It’s February and therefore it’s time to celebrate National Senior Independence Month. Sadly, popular culture has never been kind to older folks.
From the loathly lady of Medieval tales to the aging (and therefore evil) stepmothers and hideous crones and witches of Regency and Victorian fairy tales to countless unflattering contemporary portrayals in films, tv shows, and books, characters of a “certain age” tend to be stereotyped, dehumanized, or completely absent.
What does this have to do with the myths of aging?
Representation matters, and even though there have been some improvements in the way elders are portrayed in modern media, there is still a lot to be desired.
These myths would have us believe that old age is a time of vulnerable infirmity, loneliness, obsolescence, and general incompetence. Based on the stories we’ve been told, no one could blame us for assuming that the best we can hope for is to fade quietly into the background as our bodies fall apart and our mind wanders.
But this disheartening assumption could not be farther from the truth.
As it turns out, not only are the scary stories about getting old patently untrue, there are actually some benefits to getting older.
Myth #1: Growing old means becoming dependent on others and giving up your independence.
The sales pitches for long-term care, assisted living, and nursing home facilities often include frightening statements like, “70% of adults aged 65 years and older will require long-term care at some point.”
What those statements don’t say is that “long-term care” includes things like temporary rehabilitation. In fact, according to the American Psychological Association, only about 5% of older Americans live in nursing homes at any given time. Today, as medicine improves and longevity increases, more and more adults are staying healthy and independent well into their 70s, 80s, and even beyond.
Myth #2: Old age is often accompanied by a need for financial austerity.
While it always pays to manage your money wisely and with an eye to the future, the risk of financial insecurity is not quite as universally dire as some stereotypes would have you believe. Based on data from the Federal Reserve, the median net worth of Americans under 35 years old is only $14,000 while the median net worth of older Americans (aged 65 to 74) is $266,070. In fact, older Americans possess a large percentage of the nation’s discretionary income, and — according to the AARP — collectively spend $179 billion each year on their grandchildren, including gifts, vacations, education, and daily necessities.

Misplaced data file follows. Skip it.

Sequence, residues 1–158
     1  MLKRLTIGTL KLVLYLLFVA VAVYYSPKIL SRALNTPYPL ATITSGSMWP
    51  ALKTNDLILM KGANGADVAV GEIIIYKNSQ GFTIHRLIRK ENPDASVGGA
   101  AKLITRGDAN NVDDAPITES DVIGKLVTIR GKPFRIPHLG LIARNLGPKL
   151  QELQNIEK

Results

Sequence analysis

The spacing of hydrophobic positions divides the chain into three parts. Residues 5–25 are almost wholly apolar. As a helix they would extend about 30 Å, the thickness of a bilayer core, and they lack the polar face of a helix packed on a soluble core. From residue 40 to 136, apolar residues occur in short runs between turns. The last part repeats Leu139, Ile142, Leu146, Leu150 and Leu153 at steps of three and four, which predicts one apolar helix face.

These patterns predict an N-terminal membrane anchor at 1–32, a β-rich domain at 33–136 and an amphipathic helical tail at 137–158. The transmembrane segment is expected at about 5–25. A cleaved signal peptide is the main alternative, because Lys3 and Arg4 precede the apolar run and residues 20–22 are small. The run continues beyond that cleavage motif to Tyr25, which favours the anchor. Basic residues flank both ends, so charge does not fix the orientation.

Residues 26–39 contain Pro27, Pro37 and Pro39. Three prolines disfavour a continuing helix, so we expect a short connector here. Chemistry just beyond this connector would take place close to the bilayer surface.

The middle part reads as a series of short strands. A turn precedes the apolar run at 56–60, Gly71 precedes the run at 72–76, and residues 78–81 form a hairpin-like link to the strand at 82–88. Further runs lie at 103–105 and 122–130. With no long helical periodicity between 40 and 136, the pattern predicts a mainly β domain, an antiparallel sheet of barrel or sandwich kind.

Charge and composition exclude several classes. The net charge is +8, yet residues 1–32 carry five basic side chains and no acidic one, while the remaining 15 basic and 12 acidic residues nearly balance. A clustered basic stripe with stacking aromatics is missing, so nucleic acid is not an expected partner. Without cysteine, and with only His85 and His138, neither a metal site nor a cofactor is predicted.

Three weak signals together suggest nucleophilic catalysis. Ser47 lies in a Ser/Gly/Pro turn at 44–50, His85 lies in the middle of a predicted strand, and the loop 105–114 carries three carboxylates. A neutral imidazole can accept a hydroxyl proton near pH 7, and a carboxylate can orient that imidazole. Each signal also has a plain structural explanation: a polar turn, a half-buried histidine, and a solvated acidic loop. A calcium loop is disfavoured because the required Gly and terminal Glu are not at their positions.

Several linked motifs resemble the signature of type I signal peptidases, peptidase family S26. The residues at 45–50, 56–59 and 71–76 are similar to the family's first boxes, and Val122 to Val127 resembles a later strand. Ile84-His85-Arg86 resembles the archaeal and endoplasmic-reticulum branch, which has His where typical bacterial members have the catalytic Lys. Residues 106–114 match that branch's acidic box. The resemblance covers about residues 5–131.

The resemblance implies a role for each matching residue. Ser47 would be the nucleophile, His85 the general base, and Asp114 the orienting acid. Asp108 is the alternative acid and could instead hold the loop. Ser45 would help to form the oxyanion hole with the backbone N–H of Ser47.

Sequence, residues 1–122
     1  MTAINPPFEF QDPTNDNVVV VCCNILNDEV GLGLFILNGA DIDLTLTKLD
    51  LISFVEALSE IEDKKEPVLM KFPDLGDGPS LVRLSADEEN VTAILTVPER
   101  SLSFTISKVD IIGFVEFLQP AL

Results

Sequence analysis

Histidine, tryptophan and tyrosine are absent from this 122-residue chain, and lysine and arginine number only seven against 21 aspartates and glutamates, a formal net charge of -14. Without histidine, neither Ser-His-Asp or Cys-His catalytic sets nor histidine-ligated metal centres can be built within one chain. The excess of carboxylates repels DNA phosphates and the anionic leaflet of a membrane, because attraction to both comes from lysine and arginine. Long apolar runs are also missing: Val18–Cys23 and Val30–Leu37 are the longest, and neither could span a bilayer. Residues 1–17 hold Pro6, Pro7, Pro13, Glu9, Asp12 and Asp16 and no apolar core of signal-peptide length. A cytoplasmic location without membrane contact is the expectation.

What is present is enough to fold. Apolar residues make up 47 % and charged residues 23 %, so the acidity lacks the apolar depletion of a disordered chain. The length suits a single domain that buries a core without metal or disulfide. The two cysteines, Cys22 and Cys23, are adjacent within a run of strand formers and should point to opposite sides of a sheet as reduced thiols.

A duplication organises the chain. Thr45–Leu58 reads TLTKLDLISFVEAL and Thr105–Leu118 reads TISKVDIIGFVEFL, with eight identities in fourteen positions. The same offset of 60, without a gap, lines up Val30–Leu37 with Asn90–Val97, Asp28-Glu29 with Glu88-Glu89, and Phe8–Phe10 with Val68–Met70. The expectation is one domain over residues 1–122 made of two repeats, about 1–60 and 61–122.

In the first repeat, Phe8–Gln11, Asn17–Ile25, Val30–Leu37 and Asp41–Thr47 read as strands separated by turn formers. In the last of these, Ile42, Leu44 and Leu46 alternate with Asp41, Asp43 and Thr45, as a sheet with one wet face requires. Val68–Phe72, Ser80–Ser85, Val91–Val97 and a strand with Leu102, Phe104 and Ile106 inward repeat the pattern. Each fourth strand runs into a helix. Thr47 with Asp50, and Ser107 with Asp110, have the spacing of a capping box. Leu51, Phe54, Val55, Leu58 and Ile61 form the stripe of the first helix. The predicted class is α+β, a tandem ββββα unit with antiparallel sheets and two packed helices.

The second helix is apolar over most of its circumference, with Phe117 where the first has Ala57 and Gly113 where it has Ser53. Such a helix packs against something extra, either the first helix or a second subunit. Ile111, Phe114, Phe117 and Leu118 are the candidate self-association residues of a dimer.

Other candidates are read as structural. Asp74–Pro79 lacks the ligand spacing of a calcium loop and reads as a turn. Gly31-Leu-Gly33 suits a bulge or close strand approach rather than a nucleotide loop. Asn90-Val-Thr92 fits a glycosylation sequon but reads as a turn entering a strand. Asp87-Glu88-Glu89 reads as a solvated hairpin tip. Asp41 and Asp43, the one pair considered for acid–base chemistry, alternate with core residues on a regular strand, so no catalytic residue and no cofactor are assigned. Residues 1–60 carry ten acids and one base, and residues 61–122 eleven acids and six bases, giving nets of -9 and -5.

You hear it all the time: older folks who feel like they are getting by on less and less sleep each year. The truth behind this phenomenon is that human beings need 7 to 9 hours of sleep each night no matter what age they are.
As you get older, you may find it more challenging to get to sleep and stay asleep. But it’s still important to get the full amount of shut eye. Sometimes, this means taking naps to supplement the shorter periods of nighttime sleep, and that’s okay.
Myth #4: There is no escaping a loss of cognitive function.
This is one of the more dangerous myths because it can lead to people assuming that certain symptoms are just “par for the course” when they should be addressed with a physician as soon as possible. While it is true that the risk of dementia (including Alzheimer’s) increases as we get older, it is not an inevitable fate.
Minor and infrequent forgetfulness is a pretty normal side effect of aging. But stress, anxiety, lack of sleep, and hormonal changes can trigger the same kind of mild trouble focusing or remembering things. It’s important to avoid assuming (and accepting) that you will lose cognitive function as a matter of course. It’s also important to see a doctor about any acute symptoms.
One of the most prevalent media stereotypes about seniors is that their bodies are weak and vulnerable and prone to accidents and injury. It was 1989 when LifeCall ran the ad with the iconic line, “I’ve fallen, and I can’t get up!” — a line that still haunts us to this day.
There’s no doubt that as we age, we have to deal with a variety of physical changes and challenges. And for people who have chronic conditions or other constraints, it’s important to get expert guidance on the right kind of exercise regimen. That said, for most older folks, the benefits of exercise far outweigh the risks.